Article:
• • Regular member surveys • Member complaints about problems with government • Possibly by creating a special committee on advocacy o E.g., may want technical level participation on some issues, CEOs on others o A special committee helps involve as many people from the member companies as possible, which can help in retention o A special committee ensures a wider pool of informed industry representatives who can advocate for the group Without consensus among the members of the association, advocacy will be ineffective and programs won’t work. Additionally, lack of consensus can destroy the organization's credibility if two important segments publicly disagree. The process for developing association positions has to be transparent and fair, and competent staff is required to protect the interests of all members. Members need to know how to participate in developing positions. And the association needs an effective system of regularly informing the members of the issues being addressed and what they are doing if advocacy is to be an effective recruitment/retention tool. For most associations, this is a regular system of email updates. Of course, in designing an advocacy program, an association has to take into account the broad context in which it is operating. For example, in the US there are literally thousands of business associations that differentiate themselves from each other in many ways, including the industry served, products offered, pricing, and so forth. In terms of advocacy, business associations focus on those issues representative of their membership. Broad based associations, e.g. Chamber, National Association of Manufacturers – tend to address broad topics common to all industry, such as the corporate tax structure. Industry wide associations, e.g. the American Electronics Association, which represents all segments of the high tech industry, including semiconductors, computers, telecommunications, software, etc., generally address issues affecting all or most segments, e.g. the issue of stock options is particularly important to the U.S. high tech industry. Segment associations, such as the Semiconductor Industry Association (SIA) – address unique needs of that sector, e.g. semiconductor research funding. And cross Cutting associations, e.g. the American Association of Exporters and Importers (AAEI), deal with issues unique to their membership, which is interested in international trade, such as customs rules and regulations. In addressing these issues, associations often form coalitions to work on common advocacy issues. And often they scramble to see who claims credit for success, and associations without effective PR programs can lose out. As an example of the importance of an effective advocacy program, advocacy is the reason large high tech companies belong to the American Electronics Association. (Small companies often say "we are glad you are working on that issue, but we are too busy trying to survive to spend executive time or resources on advocacy." They join AEA for the products and services.) SUSTAINABLE ACHIEVEMENT OF BUSINESS EXPANSION AND QUALITY (SABEQ) 9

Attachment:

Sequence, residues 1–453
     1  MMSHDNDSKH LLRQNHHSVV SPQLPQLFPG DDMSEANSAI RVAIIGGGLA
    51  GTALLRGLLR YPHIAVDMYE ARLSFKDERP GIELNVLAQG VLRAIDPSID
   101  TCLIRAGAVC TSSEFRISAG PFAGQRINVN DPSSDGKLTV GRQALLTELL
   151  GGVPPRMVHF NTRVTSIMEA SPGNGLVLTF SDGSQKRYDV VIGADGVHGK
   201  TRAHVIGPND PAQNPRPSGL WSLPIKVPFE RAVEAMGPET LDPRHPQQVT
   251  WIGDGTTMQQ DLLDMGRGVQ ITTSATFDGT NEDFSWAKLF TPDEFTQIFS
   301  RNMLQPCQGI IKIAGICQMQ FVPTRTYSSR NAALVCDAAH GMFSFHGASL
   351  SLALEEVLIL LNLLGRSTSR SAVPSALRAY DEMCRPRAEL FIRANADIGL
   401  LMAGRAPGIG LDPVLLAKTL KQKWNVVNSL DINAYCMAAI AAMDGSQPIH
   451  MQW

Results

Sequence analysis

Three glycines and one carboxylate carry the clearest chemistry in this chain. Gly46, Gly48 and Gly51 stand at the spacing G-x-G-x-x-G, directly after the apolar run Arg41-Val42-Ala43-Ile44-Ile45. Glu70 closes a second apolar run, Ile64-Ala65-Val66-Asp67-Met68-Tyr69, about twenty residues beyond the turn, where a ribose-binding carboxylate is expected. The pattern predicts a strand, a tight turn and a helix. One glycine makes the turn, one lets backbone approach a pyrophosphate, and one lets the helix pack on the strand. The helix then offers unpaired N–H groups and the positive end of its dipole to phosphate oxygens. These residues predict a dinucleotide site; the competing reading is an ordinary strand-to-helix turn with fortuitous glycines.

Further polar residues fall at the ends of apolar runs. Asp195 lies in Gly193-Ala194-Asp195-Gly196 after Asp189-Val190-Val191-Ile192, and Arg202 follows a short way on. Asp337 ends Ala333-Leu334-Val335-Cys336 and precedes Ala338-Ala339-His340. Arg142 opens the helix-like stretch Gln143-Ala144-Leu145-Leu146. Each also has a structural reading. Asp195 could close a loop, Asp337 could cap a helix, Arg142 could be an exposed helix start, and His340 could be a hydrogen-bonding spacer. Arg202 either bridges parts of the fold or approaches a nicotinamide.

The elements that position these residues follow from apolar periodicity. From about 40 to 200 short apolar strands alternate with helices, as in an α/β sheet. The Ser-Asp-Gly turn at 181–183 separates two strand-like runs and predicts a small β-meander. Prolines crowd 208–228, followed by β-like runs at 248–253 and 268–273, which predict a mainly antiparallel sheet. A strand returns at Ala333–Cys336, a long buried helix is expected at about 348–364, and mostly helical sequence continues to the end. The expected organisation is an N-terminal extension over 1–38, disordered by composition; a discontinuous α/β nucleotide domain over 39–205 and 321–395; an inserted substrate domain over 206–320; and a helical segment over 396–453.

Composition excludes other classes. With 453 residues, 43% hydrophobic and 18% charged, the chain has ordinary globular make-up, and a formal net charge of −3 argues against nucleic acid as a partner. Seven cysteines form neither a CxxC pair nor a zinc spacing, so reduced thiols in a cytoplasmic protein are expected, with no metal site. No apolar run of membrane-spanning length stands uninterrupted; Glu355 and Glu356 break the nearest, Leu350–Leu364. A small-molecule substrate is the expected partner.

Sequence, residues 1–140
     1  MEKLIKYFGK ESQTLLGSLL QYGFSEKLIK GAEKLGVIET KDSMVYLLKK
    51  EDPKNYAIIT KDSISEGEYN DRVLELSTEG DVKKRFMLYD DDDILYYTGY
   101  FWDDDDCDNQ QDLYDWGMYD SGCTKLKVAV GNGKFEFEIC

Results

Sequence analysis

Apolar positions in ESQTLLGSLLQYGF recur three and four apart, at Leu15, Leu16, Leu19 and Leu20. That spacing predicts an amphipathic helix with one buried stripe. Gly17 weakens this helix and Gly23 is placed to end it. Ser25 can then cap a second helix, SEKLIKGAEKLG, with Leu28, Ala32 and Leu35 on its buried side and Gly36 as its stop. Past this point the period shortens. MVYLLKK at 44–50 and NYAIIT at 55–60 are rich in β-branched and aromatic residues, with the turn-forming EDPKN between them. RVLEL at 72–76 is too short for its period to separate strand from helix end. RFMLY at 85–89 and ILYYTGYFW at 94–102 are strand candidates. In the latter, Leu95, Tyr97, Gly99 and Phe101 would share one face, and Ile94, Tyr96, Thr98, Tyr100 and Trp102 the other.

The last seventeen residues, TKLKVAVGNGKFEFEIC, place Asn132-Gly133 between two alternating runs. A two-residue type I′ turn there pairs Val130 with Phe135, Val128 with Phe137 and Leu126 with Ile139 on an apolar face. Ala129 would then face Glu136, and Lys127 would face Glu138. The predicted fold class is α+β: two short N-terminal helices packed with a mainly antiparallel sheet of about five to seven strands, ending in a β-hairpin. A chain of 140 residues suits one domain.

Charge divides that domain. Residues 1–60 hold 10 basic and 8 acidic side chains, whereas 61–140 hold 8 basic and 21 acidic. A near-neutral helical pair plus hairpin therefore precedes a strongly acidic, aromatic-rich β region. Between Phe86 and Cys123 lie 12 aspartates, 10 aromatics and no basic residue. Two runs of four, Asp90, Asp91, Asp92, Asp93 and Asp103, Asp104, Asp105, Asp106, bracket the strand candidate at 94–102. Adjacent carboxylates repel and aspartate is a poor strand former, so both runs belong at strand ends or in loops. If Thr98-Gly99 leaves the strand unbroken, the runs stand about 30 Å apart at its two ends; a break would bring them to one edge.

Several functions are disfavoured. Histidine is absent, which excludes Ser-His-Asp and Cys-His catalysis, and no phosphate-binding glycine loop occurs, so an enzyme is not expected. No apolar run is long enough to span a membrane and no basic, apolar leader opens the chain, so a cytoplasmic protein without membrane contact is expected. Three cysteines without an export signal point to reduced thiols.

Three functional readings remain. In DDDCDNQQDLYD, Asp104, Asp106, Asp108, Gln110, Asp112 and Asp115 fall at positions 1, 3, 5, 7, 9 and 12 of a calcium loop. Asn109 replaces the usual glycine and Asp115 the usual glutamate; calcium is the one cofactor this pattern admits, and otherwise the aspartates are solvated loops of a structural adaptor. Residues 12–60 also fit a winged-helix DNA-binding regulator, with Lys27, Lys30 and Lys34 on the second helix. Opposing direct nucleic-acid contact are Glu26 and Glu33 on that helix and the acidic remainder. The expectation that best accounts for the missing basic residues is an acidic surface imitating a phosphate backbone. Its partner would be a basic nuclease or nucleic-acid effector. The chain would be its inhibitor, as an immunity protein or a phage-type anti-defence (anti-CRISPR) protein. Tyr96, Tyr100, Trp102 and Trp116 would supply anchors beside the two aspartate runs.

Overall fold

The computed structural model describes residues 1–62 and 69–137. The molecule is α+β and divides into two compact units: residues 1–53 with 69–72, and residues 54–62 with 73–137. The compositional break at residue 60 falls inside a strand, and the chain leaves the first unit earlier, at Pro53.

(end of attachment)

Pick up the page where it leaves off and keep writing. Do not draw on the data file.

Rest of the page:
• AEA has eight policy committees, which are empowered to approve and lobby technical positions. The Board must approve issues with important implications for the industry. AEA posts position papers of all issues it is addressing on its web site (each issue paper is usually about 4 pages long). PRODUCTS AND SERVICES Business associations offer a wide variety of products and services to their members. Some are designed to be a critical service to the members that is not available elsewhere; others may be designed primarily to raise revenue for the association, thereby allowing it to charge lower dues. (Advocacy, of course, is a major service, which was covered above.) To give some idea of the types of services offered, consider the products and services offered by the American Electronics Association: A two-week course tailored for the high tech industry at Stanford; the program is a great service to the members and generates substantial revenue. However, it requires significant staff time to manage. A comprehensive survey of the industry (CyberStates), which is sold to the industry and those following the industry. Revenues cover the cost of publication, and the report is considered to be an important advocacy tool A monthly government Dinner, which features a high-level government speaker and has booths for vendors to present their wares to the industry. The event is an important recruitment/retention tool and generates significant revenue. • Employee medical insurance – generates $2 million in revenue, but requires full time staff person to manage • Car rentals – Agreements with Avis/Hertz. Requires no work by the association and generates revenue. Associations can use three screens to evaluate which services to offer: Value to members - probably the most important screen. In considering value to the members, keep in mind that a service might be important to a segment of your members, e.g. small companies, and still be important. Revenue to the association Staffing/revenue cost – Need to consider both the cost of starting the program and what it takes to maintain it. An association that is limited in revenues might consider potential revenue and costs of the program as most important. Otherwise, value to the members would be most important, followed by potential revenue to the association. However, offering your members a service they don’t like reflects poorly on the association. For all services under consideration, it is important to consider who are you competing against and what might be the association's comparative advantage in offering the service. In evaluating potential services, an association might get member help through a formal committee or at least periodically brainstorming ideas with a group of SUSTAINABLE ACHIEVEMENT OF BUSINESS EXPANSION AND QUALITY (SABEQ) 10